Won’t Someone Please Think of the Children? Why Ross Barkley’s Premature Celebration Was Great

What do people hate most about modern football? It’s difficult to decide sometimes. Perhaps it’s the exorbitant ticket prices; wrenching the game from the man in the terraces and handing it straight to the canapé-quaffing suits in the executive boxes.

Is it the players? A fashionable target for fans’ ire, certainly. Where once they might have been considered in-tune with the average supporter, now are so out-of-touch, many would argue that they’ve become detached from reality itself. Safeguarded in a bubble of über-wealth and over-sized, noise-cancelling headphones. Don’t get Chris Waddle started on the headphones.

FIFA are strong contenders. Sitting at the top of the whole fetid pyramid; a shady corporation of real life gangsters and ne’er-do-wells, who’d just as happily sell their grandmother’s passport as they would auction off the World Cup to the highest, oil-rich bidder.

If only any of its members were young enough to still have grandparents.

What about racism? A seemingly incurable rotten limb of the sport, that just refuses to be amputated. Then there’s institutionalised homophobia. Sexism. Both equally persuasive entrants for the game’s own Room 101. Issues that deserve their prominence on the agendas of most free-thinking folk.

If you’re now compiling a mental list and have somewhere found room for Ross Barkley’s pre-goal celebration against Bournemouth on Saturday, well, I fear we may’ve have lost you.

Indeed, there will be some who believe the Everton midfielder’s actions were a crystallisation of everything’s that’s wrong with modern football. A phrase regularly heard in the often daft corridors of social media.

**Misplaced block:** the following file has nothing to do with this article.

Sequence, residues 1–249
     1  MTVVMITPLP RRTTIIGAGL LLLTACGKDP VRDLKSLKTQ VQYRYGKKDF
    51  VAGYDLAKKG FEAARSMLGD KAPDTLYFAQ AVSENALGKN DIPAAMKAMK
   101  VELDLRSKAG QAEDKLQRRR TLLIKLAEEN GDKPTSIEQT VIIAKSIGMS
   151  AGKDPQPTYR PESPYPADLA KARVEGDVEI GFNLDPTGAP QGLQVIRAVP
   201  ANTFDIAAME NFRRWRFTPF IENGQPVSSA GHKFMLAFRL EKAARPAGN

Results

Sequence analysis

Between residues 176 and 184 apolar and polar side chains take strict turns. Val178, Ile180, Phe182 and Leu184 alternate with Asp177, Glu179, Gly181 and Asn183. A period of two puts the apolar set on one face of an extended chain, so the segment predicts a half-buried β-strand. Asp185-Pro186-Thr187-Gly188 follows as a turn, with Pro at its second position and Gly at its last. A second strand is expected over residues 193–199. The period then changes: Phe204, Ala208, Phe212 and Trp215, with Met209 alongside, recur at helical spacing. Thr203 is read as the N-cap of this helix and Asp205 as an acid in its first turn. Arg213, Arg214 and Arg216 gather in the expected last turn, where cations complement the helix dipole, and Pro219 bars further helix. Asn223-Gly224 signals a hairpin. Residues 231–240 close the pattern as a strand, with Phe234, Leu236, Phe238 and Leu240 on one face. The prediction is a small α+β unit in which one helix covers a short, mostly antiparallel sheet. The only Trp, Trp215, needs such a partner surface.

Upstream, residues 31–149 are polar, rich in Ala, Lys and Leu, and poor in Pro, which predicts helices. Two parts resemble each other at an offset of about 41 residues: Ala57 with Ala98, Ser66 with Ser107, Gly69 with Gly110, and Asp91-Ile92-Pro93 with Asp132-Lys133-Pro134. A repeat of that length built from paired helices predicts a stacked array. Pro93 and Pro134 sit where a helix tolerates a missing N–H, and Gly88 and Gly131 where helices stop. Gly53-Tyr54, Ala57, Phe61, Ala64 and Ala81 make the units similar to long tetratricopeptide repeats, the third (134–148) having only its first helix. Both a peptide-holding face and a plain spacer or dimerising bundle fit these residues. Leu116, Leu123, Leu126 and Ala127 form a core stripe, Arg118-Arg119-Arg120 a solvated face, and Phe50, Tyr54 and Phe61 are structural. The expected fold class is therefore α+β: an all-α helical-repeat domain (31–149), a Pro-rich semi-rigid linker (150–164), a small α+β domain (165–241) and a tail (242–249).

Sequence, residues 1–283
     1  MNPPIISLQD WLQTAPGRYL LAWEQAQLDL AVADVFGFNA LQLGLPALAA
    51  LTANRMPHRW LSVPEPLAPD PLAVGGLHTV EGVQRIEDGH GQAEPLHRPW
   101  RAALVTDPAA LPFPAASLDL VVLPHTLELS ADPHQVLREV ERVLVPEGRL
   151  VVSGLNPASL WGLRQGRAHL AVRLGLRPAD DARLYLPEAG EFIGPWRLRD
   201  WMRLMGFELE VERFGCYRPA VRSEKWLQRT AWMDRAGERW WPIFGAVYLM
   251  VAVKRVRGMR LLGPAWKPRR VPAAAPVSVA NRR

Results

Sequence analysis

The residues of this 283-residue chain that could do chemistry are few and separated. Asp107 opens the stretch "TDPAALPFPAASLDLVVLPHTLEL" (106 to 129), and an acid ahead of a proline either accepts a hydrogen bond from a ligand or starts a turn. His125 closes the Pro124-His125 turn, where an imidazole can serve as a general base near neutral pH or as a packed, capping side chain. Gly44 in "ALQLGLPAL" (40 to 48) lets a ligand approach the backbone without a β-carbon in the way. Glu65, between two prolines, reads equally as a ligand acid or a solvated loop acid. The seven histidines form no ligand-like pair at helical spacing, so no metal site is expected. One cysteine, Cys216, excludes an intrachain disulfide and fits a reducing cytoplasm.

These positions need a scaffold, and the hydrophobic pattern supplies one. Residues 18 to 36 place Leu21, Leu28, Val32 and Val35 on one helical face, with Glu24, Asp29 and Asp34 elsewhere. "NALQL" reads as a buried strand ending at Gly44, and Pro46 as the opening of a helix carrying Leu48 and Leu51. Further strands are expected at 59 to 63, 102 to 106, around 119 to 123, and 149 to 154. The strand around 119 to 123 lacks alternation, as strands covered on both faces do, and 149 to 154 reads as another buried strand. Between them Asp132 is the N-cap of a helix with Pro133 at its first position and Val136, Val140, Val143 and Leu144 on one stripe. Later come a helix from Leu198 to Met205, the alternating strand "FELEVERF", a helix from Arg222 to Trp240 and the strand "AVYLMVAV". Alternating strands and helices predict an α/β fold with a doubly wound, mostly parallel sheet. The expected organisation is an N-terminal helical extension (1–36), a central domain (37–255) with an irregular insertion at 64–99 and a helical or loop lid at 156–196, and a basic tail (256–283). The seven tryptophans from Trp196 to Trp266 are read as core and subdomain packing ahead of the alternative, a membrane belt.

Heck, if you trusted the hive mind of Twitter, then literally everything is everything that’s wrong with modern football. Coloured boots, celebrity referees, dabbing. You name it, it’s a reasonable candidate to be first up against the wall and shot.

The case against the England playmaker, is that he was unnecessarily taking the piss out of an already defeated Bournemouth. Having rounded Artur Boruc and with the goalmouth yawning, the idea that Barkley would bare his excitement before things were made official, was too much to contemplate.

In the same way that one broadcaster had an on-air meltdown when Robin van Persie opted to Panenka a spot-kick against bottom of the table Wolves, back in 2012, there are some who felt his premature huzzah was a needless display of egotism. Tantamount to bullying, was this radio host’s mindboggling claim of Van Persie. Yes, that’s it— Barkley is just a big bully.

Or, alternatively, a talented footballer very much enjoying his work.

There isn’t exactly a surplus of confident homegrown stars knocking around the Premier League these days. If nothing else, the last two international tournaments highlighted that England have a knack of producing mentally fragile, big-game-choke-artists. How nice, then, to see someone have complete faith in their abilities. A player who looks at ease with their natural gifts.

Someone who can make the game appear fun, instead of terrifying and difficult.

Luckily, most observers have fallen on the right side of history and can see that while there are plenty of legitimate reasons to be irked by this absurd soap opera we call football— racism, homophobia, corruption —this is evidently not one of them.

I like that, there’s nothing wrong with that, said Ian Wright on Match of the Day on Saturday night, with the air of a man slightly annoyed that he’d never thought to try it himself.

Wright was a player who recognised the value of the sport as an entertainment and regularly found ways of making the opposition look stupid.

Watch this famous goal against Everton in 1993, and tell me he didn’t take huge delight in reducing his markers and Neville Southall— one of the finest goalkeepers in Europe at the time— to a dizzy, amateurish mess.

There’re lots to dislike about modern football. Watching Ross Barkley at the height of his powers, filled with self-belief, enjoying himself, should be pretty low on your list.

This article first appeared on the website Football.com.


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